The day my father died, I went to the shop to buy bananas.
I remember thinking to myself, “This is insane. Your dad just died. Why the hell are you buying bananas?”
But we needed bananas. We’d be waking up for breakfast tomorrow morning, and there wouldn’t be any bananas—so there I was.
And lots of other stuff still needed doing too, so over the coming days I would navigate parking lots, wait in restaurant lines, take dogs for walks; pushing back tears, fighting to stay upright, and in general always being seconds from a total, blubbering, room-clearing freak out.
I wanted to wear a sign that said: I JUST LOST MY DAD. PLEASE GO EASY.
Unless anyone passing by looked deeply into my bloodshot eyes or noticed the occasional break in my voice and thought enough to ask, it’s not like they’d have known what’s happening inside me or around me. They wouldn’t have had any idea of the gaping sinkhole that had just opened up and swallowed the normal life of the girl next to them in the produce section.
And while I didn’t want to physically wear my actual circumstances on my chest, it probably would have caused people around me to give me space or speak softer or move more carefully—and it might have made the impossible, almost bearable.
Everyone around you; the people you share the grocery store line with, pass in traffic, sit next to at work, encounter on social media, and see across the kitchen table—they’re all experiencing the collateral damage of living. They are all grieving someone, missing someone, worried about someone. Their marriages are crumbling or their bond payment is late or they’re waiting on their child’s test results, or they’re getting bananas five years after a death and still pushing back tears because the loss feels as real as it did that first day.
Every single human being you pass by today is fighting to find peace and to push back fear; to get through their daily tasks without breaking down in front of the bananas or in the line or at the post office.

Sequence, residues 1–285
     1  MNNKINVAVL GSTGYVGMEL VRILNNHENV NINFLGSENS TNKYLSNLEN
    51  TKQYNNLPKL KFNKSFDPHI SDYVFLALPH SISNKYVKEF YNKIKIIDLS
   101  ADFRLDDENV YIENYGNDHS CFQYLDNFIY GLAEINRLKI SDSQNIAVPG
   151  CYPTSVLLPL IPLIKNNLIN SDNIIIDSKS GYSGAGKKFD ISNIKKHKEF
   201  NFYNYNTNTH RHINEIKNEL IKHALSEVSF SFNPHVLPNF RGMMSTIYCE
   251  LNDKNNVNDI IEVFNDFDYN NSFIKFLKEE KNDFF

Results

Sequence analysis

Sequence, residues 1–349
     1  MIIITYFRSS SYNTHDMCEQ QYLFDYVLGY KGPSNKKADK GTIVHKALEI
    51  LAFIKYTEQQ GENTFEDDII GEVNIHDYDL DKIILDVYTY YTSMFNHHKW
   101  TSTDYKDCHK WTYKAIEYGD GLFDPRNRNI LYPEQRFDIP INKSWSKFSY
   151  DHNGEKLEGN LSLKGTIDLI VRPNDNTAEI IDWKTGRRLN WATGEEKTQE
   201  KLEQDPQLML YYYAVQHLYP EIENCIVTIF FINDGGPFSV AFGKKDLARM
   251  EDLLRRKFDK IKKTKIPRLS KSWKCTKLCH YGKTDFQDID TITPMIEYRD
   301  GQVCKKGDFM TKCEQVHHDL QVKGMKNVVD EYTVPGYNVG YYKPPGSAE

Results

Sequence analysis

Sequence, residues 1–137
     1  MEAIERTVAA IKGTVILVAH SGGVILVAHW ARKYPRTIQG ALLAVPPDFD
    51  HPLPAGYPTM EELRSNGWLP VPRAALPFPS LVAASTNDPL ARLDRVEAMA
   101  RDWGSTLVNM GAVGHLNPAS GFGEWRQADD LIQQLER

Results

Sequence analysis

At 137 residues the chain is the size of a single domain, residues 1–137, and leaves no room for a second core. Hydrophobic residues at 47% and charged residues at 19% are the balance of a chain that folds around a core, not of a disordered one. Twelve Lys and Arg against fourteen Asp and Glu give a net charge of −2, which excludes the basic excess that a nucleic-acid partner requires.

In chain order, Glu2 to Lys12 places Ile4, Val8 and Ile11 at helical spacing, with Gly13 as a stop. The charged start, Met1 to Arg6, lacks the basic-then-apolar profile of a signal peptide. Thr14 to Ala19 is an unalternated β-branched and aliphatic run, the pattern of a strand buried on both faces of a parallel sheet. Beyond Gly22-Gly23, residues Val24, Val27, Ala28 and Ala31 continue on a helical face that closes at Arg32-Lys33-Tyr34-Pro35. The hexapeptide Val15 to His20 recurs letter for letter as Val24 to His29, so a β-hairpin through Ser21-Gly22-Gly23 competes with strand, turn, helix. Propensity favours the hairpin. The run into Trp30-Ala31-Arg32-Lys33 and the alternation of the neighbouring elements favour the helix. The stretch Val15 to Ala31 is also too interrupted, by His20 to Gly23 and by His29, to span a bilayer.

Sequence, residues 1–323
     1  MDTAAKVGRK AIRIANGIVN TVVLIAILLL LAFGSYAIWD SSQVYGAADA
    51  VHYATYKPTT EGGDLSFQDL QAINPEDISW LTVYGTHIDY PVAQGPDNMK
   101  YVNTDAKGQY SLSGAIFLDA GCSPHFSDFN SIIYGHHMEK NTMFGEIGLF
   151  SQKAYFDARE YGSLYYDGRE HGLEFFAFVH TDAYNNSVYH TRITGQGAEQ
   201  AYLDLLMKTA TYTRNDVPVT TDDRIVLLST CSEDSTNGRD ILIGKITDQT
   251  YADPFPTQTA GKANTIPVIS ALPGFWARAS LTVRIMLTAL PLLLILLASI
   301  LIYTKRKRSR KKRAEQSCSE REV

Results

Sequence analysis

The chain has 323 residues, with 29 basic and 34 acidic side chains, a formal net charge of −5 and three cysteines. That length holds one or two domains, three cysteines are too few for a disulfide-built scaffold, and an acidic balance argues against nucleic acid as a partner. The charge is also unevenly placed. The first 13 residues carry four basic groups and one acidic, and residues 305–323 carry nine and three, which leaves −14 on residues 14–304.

Maybe they aren’t mourning the sudden, tragic passing of a parent, but wounded, exhausted, pain-ravaged people are everywhere, everyday stumbling all around us—and yet most of the time we’re fairly oblivious to them:
- Parents whose children are terminally ill.
- Couples in the middle of divorce.
- People grieving loss of loved ones and relationships.
- Kids being bullied at school.
- Teenagers who want to end their lives.
- People marking the anniversary of a death.
- Parents worried about their depressed teenager.
- Spouses whose partners are deployed in combat.
- Families with no idea how to keep the lights on.
- Single parents with little help and little sleep.
Everyone is grieving and worried and fearful, and yet none of them wear the signs, none of them have labels, and none of them come with written warnings reading, I’M STRUGGLING. BE NICE TO ME.
And since they don’t, it’s up to you and me to look more closely and more deeply at everyone around us: at work or at the gas station or in the produce section, and to never assume they aren’t all just hanging by a thread. Because most people are hanging by a thread—and our simple kindness can be that thread.
We need to remind ourselves just how hard the hidden stories around us might be, and to approach each person as a delicate, breakable, invaluable treasure—and to handle them with care.
As you make your way through the world today and into the new year, people won’t be wearing signs to announce their mourning or to alert you to the attrition or to broadcast how terrified they are—but if you look with the right eyes, you’ll see the signs.
There are grieving people all around you.
Written by John Pavlovitz